This rate is carefully monitored by the International Monetary Fund (IMF), which has warned that it could lead to financial turmoil, as debt growth becomes untenable.

    “It [debt] is going to continue to rise,” Peking University’s Balding said. “They [Chinese officials] are concerned about debt but prioritize SOE-funded growth over debt.”

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    See also

    09/12/2008 ASIA
    Economic crisis: US, China and the coming monetary storm
    The massive levels reached by the foreign debt of the United States and the excessive and unjustified devaluation of China’s yuan are two high risk factors for the world economy and stability. Solutions found so far may be useful for financial institutions but not for the population. A “transnational” oligarchy is emerging that includes central banks, the Chinese Communist Party, Russia’s oligarchies and oil sheiks.

    12/03/2016 16:14:00 CHINA
    China’s central bank reassures world that growth targets reachable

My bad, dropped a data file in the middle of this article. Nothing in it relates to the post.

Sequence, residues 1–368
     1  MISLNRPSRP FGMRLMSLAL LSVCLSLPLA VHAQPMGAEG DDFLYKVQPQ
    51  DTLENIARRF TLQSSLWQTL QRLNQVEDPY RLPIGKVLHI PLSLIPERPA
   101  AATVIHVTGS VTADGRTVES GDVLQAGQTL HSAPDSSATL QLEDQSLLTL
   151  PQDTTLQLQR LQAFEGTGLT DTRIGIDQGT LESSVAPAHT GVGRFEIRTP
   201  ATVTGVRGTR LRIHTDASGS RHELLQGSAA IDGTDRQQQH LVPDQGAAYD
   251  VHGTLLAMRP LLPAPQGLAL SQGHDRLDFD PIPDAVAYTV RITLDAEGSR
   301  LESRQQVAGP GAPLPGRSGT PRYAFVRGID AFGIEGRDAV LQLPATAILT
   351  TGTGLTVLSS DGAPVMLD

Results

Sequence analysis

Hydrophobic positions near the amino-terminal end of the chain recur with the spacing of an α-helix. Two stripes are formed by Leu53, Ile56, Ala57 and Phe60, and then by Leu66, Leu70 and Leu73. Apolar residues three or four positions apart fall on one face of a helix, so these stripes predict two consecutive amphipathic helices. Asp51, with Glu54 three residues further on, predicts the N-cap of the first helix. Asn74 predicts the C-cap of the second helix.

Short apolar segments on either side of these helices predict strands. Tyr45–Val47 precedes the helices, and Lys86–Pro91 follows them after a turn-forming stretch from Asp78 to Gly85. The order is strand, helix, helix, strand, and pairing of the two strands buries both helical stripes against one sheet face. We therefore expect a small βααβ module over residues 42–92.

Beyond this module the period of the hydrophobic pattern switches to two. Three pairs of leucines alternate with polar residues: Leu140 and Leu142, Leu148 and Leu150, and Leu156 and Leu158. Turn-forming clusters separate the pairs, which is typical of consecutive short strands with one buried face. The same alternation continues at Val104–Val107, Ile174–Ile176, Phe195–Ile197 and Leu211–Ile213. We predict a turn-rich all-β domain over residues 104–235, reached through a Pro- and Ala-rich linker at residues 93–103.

Governor Zhou Xiaochuan pledges not to use “exchange rates or other monetary policies to stimulate exports", nor resort to massive capital injections.



    09/10/2007 CHINA – EUROPEAN UNION
    Europe complains about low yuan
    Euro-zone finance ministers criticise Beijing for keeping its currency artificially low to increase its trade advantages. The issue will be discussed October 19 when G7 finance ministers meet. The European Union is divided.

    22/04/2010 CHINA – UNITED STATES – JAPAN
    IMF joins the world to ask Beijing to revalue its currency
    In its World Economic Outlook, the International Monetary Fund says only a new Chinese monetary policy can guarantee a global economic recovery. It also warns Japan to invest more. The United States prepares to hit China’s aluminium export to send Beijing a strong signal.

    24/10/2017 08:59:00 CHINA
    Xi Jinping like Mao Zedong: his 'thought' and his name in the Party’s constitution

    Only Mao and Deng Xiaoping have their names included in the PCC charter. According to observers, "Xi's thought" is a mixture of Maoist type slogans, wrapped in a nationalistic pride in which the Party's totalitarian power emerges, with Xi at its "core". Preparations for new Central Committee and the Politburo. Xi will not have absolute power, but shared with other factions, especially those of Jiang Zemin and Hu Jintao. Wang Qishan retires.